The weather we have been dealing with this summer — extraordinary heat, occasional wild winds, and periodic rain — seems to be the perfect incubator for weeds of a particularly voracious nature. Every time it rains, whatever weeds I have just pulled grow back and bring along their whole extended families. With as rough a time as I have been having keeping my vegetation under control, it could be worse — I could be dealing with a yard full of waist-high weeds like a couple of people in the neighborhood.
Instead, there have been a few stunning developments besides the unpleasant ones dished out by the ravaging weeds and the tireless sun. This heavenly blue morning glory, for example.
I have no idea where it came from, but oh, it is lovely! Another wonderful development were the orange poppies; like the heavenly blue morning glory, I have no idea where they came from, but they are welcome all the same.
One development of a rather weird nature is this marigold. It was supposed to be a giant marigold; instead, it’s a dwarf. But dramatic for all that.
The petunias, both light
and dark keep chugging along no matter what the weather, bringing cheer to me and my yard.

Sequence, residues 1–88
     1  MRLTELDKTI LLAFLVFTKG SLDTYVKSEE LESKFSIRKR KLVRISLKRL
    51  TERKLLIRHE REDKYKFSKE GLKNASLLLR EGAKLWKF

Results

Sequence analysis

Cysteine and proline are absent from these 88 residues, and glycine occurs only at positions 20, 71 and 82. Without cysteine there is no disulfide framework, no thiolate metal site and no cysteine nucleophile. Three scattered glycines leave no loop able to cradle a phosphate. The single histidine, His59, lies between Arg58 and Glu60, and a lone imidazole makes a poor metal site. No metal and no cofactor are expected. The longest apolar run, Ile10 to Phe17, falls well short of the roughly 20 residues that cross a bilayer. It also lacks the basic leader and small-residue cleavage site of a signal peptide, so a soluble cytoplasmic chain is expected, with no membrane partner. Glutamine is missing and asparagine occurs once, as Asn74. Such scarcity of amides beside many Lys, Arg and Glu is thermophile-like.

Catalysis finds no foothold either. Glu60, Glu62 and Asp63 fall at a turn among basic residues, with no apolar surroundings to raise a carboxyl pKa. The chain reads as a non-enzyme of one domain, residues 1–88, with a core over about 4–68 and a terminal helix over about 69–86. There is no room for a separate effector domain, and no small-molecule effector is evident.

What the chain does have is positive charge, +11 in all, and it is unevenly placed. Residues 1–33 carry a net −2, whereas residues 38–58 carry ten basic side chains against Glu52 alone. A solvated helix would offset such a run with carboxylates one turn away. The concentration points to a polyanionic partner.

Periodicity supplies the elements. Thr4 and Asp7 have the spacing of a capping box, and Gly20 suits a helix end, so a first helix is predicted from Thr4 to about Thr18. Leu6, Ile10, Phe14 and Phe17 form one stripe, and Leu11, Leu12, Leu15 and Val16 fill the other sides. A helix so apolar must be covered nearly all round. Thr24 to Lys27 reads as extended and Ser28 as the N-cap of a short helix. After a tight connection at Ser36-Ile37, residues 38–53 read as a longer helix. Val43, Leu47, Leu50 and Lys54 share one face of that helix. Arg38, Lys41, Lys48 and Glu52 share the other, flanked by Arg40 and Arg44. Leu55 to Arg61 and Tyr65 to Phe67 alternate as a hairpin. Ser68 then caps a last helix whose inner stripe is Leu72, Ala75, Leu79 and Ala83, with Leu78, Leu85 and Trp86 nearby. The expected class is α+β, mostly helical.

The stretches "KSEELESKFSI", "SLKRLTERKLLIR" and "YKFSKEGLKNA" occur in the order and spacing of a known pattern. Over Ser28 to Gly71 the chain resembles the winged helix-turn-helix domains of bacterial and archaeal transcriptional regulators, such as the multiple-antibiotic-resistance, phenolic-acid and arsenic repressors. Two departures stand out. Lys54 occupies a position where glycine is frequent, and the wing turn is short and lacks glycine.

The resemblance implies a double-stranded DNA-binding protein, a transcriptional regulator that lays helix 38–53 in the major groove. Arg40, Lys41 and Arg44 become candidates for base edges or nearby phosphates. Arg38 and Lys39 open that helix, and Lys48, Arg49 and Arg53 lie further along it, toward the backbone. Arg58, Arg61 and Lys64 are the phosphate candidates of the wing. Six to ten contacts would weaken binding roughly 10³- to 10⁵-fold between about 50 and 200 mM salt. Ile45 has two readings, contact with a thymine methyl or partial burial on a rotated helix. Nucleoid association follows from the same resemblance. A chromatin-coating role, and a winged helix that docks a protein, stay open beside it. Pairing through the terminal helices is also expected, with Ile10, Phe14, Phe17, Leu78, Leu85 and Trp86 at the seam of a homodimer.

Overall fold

The final stunning development was (is) this green zinnia. I vaguely remember planting the seeds, but since I don’t really expect anything to come up, I tend not to remember what exactly I planted. That anything decides to grow in this bipolar climate is amazing. Though it’s not exactly bipolar, is it? If this were really a bipolar climate, it would be winter all year round (half Arctic and half Antarctic) instead of very cold in the winter and very hot in the summer.
At least today the weather is rather moderate and will continue to be so for a few more days.
Pat Bertram is the author of intriguing fiction and insightful works of grief.